super.onMeasure(finalMeasureSpec, finalMeasureSpec);

With this implementation, your layout will be square, assuming the lower size between width and height. And it can even be set with dynamic values, like using weight inside a LinearLayout.

How to Use GridLayout (The Java™ Tutorials > Creating a GUI With , Otherwise, if you want to code by hand and do not want to use GroupLayout , then GridBagLayout A GridLayout object places components in a grid of cells. One, but not both, of rows and cols can be zero, which means that any number of� Custom Square LinearLayout. How? Simple way to do dynamic but square layout; Hope to find a solution to this, using onMeasure or any other function when extending the layout (so that even if some extends the Custom Layout, the Square property remains) Edit 1 : For further clarification, the expected result for 1st case is shown

We can do it with a very simple way - just call super.onMeasure() twice.

protected void onMeasure(int widthMeasureSpec, int heightMeasureSpec) {
    super.onMeasure(widthMeasureSpec, heightMeasureSpec);

    int width = getMeasuredWidth();
    int height = getMeasuredHeight();
    int squareLen = Math.min(width, height);

        MeasureSpec.makeMeasureSpec(squareLen, MeasureSpec.EXACTLY), 
        MeasureSpec.makeMeasureSpec(squareLen, MeasureSpec.EXACTLY));

By calling super.onMeasure() twice, this is less efficient in terms of the drawing process, but it is a simple way to fix layout issues that the other answers can cause.

Tables, Here is a simple three-row, three-column table described in HTML 4: shows how to make a column a fixed size, by using the fixed layout algorithm. The rectangle must be as far to the left as possible, but the part of the cell in the This allows dynamic effects to remove table rows or columns without forcing a re- layout of� The following instructable details 2 ways to find out if something is square, 1 way to draw an accurate perpendicular line, and 1 way to draw an accurate parallel line. These tricks involve virtually no math to do and are scalable to any dimensions from millimetres, to miles.

A quick way to started with this type of layout is with a HTML template. Phoebe is a clean, minimal Blogger template packed with lots of features like an automatic featured posts slider and Promo area (both are optional). 4 home page styles to choose from (slider + promo area, slider only, promo area only or classic layout).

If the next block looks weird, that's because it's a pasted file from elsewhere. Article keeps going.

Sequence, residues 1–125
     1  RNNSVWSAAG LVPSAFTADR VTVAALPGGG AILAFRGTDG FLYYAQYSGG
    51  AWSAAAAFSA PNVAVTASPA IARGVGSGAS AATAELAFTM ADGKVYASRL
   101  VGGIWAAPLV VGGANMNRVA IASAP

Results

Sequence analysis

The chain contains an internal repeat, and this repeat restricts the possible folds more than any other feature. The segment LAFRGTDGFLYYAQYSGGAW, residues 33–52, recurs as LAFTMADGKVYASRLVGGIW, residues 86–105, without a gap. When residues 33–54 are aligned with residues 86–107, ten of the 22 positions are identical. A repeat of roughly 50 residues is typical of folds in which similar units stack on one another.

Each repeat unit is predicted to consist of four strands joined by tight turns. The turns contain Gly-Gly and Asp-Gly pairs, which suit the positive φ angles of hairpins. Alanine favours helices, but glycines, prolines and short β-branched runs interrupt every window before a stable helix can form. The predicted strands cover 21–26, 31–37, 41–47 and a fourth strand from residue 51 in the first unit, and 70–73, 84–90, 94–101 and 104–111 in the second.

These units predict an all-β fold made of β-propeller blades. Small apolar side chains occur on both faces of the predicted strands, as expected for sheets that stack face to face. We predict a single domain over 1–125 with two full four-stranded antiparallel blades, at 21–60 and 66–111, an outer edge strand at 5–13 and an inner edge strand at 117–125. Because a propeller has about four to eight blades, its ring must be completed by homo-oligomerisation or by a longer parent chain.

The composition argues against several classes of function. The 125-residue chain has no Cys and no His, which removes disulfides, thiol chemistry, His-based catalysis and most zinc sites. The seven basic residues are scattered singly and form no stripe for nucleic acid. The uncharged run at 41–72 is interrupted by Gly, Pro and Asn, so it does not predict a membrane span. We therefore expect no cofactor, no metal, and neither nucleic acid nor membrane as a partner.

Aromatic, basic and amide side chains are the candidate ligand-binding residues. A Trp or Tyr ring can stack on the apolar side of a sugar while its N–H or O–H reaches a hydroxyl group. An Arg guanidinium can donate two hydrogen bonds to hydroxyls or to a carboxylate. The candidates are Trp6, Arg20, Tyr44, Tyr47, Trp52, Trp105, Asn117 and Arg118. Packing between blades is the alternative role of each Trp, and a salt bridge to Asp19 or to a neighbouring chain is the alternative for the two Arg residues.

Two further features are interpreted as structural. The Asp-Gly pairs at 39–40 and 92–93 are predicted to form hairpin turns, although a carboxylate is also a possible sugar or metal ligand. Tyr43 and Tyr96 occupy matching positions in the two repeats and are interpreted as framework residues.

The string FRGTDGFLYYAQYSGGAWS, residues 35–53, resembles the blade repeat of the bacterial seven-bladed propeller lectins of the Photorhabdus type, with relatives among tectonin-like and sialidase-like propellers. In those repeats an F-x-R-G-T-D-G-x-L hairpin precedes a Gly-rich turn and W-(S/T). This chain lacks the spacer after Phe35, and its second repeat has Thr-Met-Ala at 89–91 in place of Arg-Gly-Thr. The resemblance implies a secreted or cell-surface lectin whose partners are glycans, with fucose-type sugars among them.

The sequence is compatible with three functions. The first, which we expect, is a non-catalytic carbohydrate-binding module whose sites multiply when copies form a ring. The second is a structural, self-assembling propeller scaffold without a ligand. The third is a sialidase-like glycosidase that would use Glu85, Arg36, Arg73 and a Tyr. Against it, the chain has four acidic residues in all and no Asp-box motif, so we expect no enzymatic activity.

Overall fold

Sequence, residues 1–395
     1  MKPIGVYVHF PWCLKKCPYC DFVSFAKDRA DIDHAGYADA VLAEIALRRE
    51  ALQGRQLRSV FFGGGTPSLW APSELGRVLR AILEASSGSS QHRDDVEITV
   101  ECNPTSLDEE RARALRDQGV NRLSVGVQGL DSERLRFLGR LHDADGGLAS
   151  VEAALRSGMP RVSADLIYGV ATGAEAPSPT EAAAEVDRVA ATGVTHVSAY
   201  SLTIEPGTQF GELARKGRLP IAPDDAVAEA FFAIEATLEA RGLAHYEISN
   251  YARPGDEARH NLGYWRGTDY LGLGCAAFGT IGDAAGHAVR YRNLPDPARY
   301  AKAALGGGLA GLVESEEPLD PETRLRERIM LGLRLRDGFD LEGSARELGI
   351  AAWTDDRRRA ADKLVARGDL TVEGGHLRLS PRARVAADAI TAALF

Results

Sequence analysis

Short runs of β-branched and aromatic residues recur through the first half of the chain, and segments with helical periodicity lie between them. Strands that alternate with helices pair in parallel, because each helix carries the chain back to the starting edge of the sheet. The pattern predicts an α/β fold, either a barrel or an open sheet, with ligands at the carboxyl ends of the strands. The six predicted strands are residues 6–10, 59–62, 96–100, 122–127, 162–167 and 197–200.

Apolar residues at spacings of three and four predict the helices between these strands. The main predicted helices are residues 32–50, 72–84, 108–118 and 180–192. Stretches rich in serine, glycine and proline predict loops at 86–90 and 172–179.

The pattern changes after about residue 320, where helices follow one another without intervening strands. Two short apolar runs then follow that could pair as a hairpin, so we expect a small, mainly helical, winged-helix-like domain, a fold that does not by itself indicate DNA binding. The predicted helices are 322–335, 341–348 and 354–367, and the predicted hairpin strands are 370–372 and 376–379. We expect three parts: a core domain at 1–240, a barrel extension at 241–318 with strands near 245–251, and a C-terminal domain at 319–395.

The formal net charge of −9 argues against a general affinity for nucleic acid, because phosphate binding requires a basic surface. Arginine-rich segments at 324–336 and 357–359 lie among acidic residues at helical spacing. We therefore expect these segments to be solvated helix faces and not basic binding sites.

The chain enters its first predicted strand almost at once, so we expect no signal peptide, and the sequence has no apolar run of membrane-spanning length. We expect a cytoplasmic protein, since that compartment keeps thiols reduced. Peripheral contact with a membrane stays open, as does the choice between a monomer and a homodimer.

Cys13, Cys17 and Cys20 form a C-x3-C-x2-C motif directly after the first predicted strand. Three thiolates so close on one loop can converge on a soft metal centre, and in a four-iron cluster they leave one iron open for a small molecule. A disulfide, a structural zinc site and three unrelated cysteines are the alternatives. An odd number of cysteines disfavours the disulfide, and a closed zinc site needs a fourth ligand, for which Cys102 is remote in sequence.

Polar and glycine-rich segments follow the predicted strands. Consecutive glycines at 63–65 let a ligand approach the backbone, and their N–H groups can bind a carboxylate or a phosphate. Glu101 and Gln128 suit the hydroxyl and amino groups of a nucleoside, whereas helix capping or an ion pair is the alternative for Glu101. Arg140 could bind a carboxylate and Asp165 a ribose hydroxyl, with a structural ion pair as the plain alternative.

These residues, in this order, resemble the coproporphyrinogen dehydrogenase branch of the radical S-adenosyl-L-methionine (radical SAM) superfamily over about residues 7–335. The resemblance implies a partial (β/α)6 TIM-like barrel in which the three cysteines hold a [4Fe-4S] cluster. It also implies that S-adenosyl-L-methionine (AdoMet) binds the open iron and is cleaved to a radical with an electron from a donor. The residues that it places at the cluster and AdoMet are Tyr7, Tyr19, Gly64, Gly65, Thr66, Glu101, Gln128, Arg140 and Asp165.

Another way of keeping yourself inspired is checking out articles like this one, for example, where new and interesting website design ideas with cool layouts are featured. You should, in any case, ignore articles with a year-old design or more, as it is a waste of time checking concepts that you know already and you are currently using for

How to Check for Square . In other words, if you wanted to determine if an assembly was square using math, select the face that you want to check for square. Check one corner of the assembly with a framing or combination layout square to make sure that it is a right angle. Then, using a tape measure, measure along one edge from that right angle

  • This is using the measure spec rather than using setMeasuredDimension() so that is good. But it's not very flexible since it always takes the width.
  • As @DavidMerriman said above, if the view is wider than it is tall, this will cause the view to extend below the viewing area, cutting off part of the view.
  • This would be more flexible if it passed the value of Math.min(widthMeasureSpec, heightMeasureSpec) into both arguments of super.onMeasure()
  • This will work easily with activities but it won't work with an app widget.
  • this is a king answer
  • Top answer if you want to display an existing layout as a square !
  • Make sure to set "0dp" for layout width and height in child layout. Otherwise it won't work.
  • It also works for the view itself, I mean if you want a contrantLayout's child to be square, you can define the layout_constraintDimensionRatio attribute directly in the child view
  • Thank you very much for the solution; I've made if it helps a complete gist of my code using your solution:
  • Yeah, I ended up doing something similar. Thanks!